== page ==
Sometime during the Australian summer of 2011, I toughened up and decided that if I wanted to try my hand at writing one day, it was high time to start learning from the pros. Perhaps it was three years spent grappling with a swag of tertiary bricks, but my inner Narnia fan appeared to have wandered off, found Cair Paravel’s media room and indulged in a blissfully endless HBO merry-go-round.
Anyway, four years out of uni, I’d found myself with an unread literary stack next to my bedside. Charlaine Harris’ first three Sookie Stackhouse novels (oh, hell what a guilty pleasure – and no, the irony of True Blood‘s broadcast parentage is not lost on me), Cronulla boy Brendan Cowell’s first effort, How It Feels, Christos Tsiolkas’ blistering The Slap. All very good. Then I gave Gregory David Roberts’ Shantaram a try. Gahhhhhhhhhh. It’s.So.THICK. The way he describes Mumbai – or Bombay, as he refers to it, from memory – is beautiful. But bloody hell. Maybe I just lack the stamina, some friends adore it and happily admit to quoting extensive passages from it after a bottle of wine during a ‘quiet’ night in.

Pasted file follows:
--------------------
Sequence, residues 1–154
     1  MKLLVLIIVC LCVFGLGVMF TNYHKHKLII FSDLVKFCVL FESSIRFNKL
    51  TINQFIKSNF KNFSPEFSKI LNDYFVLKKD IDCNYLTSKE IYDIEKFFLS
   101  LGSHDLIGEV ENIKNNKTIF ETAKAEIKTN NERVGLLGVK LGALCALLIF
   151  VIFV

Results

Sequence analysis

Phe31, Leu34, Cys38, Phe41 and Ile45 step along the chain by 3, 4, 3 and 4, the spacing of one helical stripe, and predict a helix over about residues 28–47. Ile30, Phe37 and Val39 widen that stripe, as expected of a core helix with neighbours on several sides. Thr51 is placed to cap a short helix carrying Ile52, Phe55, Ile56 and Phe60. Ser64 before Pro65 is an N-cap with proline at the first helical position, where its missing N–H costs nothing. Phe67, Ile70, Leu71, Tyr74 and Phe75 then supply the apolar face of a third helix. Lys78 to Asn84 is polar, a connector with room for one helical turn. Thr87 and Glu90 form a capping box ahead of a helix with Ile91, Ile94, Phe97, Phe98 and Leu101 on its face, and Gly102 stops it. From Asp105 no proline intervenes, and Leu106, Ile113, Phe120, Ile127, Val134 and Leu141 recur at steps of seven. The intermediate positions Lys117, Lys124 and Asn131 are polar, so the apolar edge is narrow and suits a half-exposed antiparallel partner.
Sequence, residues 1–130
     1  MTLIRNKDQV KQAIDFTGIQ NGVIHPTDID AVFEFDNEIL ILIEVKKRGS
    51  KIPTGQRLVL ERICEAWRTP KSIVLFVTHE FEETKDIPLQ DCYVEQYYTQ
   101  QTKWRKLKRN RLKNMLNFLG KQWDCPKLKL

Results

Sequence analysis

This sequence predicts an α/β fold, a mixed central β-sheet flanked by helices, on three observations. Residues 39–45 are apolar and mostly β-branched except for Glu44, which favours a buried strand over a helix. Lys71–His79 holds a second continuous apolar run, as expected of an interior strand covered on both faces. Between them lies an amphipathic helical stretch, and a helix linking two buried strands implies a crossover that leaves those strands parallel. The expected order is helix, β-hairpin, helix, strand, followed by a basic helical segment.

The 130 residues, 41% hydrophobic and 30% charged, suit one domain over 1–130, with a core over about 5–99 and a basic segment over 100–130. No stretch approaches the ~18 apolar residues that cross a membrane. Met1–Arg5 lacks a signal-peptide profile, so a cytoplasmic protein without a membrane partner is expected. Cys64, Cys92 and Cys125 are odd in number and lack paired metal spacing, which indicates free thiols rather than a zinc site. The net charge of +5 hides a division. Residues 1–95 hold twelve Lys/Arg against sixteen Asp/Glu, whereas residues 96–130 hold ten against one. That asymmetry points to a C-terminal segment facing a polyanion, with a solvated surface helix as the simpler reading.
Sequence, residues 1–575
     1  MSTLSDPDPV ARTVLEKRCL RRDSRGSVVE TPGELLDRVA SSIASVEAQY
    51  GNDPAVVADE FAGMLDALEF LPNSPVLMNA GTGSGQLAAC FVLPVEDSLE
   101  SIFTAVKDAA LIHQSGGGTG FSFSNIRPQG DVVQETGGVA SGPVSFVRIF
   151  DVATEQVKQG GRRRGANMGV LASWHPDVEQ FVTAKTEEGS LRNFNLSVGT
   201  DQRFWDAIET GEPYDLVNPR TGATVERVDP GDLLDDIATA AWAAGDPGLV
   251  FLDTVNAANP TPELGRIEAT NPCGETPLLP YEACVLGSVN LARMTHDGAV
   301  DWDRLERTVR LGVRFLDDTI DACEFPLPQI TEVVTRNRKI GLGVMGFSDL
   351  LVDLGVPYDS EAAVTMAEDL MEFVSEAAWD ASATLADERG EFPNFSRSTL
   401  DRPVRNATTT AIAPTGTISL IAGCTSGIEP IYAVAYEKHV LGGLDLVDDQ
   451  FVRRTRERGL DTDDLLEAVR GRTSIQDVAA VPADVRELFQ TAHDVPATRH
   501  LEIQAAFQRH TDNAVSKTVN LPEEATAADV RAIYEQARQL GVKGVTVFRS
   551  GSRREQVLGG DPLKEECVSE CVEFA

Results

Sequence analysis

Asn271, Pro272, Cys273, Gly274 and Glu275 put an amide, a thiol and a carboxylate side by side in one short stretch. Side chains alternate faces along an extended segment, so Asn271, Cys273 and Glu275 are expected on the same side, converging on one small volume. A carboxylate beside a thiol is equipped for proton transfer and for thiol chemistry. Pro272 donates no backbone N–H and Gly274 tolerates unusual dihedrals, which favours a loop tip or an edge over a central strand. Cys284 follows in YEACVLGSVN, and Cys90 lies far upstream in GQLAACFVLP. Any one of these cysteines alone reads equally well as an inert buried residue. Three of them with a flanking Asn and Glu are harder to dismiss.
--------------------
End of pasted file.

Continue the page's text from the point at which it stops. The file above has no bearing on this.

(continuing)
Luckily, an equally hefty, but far more riveting read found, seduced and captivated me – George R.R. Martin’s A Game of Thrones. Even after watching the TV series, it’s a treat. The sheer scope of this created world, but tempered with so many intricacies – mind-blowing. Christos Tsiolkas, up above, also takes the same multi-perspective, third person tack. While The Slap is contemporary, immediate and raw, A Game of Thrones is otherworldly and medieval, yet strangely here and now. The really cool detail is the idea (don’t worry, minimum spoilers) of every clan having its ‘words’ – for most, a motto is about branding/showing everyone you’re hardcore and badass. But for my favourite house, it’s a pensive, ominous acknowledgement that ‘winter is coming’. And d’oh, when I look outside, it is. On the bright side though, there’s no need for a Night’s Watch of demon hunting rangers.